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Publication Date

Summer 2013

Degree Type

Thesis - Campus Access Only

Degree Name

Master of Arts (MA)




Gregory Feist


Deception, detection, Lie bias, primary psychopath, Psychopath, psychopathy

Subject Areas

Psychology; Personality psychology; Social psychology


Psychopaths are manipulative, remorseless, and impulsive individuals who lack a conscience and torment society. Primary psychopathy focuses on interpersonal characteristics (e.g., manipulativeness and egocentricity), and secondary psychopathy focuses on outward antisocial behaviors. Generally, we are no better than chance at detecting deception, and we have a truth bias; that is, when being deceived a person is likely to believe the other is being truthful. Conversely, a lie bias is when a person believes truth tellers are lying. Research has not examined the relationship between psychopathy and truth or lie bias. Understanding psychopaths' ability to detect deception may provide insight into their remorseless behavior. The main focus of this research was to identify the relationship between lie bias and subclinical primary psychopathy.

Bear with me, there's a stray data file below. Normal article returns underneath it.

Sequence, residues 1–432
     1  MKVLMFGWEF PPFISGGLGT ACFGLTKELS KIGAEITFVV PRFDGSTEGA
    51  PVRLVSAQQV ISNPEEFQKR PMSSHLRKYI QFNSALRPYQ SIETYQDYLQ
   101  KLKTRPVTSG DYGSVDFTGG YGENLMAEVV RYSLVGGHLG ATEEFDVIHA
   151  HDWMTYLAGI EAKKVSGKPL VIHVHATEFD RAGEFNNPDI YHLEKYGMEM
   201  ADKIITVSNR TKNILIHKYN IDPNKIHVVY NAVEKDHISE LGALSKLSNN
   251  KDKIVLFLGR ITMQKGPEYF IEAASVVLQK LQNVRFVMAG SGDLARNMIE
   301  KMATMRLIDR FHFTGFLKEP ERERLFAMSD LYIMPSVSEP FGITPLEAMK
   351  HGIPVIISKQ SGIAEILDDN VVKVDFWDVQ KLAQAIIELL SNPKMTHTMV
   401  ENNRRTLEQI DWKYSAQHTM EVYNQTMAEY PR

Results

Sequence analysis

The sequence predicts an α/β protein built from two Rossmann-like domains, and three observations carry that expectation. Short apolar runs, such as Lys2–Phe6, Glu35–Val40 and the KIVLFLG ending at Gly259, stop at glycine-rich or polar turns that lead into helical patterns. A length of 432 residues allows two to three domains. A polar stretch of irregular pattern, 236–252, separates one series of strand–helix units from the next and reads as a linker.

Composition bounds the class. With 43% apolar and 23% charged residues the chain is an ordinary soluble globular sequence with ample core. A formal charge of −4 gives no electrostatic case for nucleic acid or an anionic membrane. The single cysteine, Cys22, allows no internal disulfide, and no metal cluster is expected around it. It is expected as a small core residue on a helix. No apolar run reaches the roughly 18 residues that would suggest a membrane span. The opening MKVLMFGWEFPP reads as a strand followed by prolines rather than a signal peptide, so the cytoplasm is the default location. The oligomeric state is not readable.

The sample consisted of 483 undergraduate university students with a mean age of 19.20 years. To measure deception detection, participants observed 10 videotaped interviews and assessed the subjects' honesty. Participants completed three self-report psychopathy measures: Levenson Self-Report Psychopathy Scale; Minnesota Multiphasic Personality Inventory Psychopathic deviant; and Machiavellianism IV scale. Overall, participants did significantly better than chance at detecting deception t (424) = 8.06, p < .001. The results showed that there was not a significant relationship between subclinical primary psychopathology and lie bias. Truth and lie bias was not significantly related to the measures of psychopathy used in this study.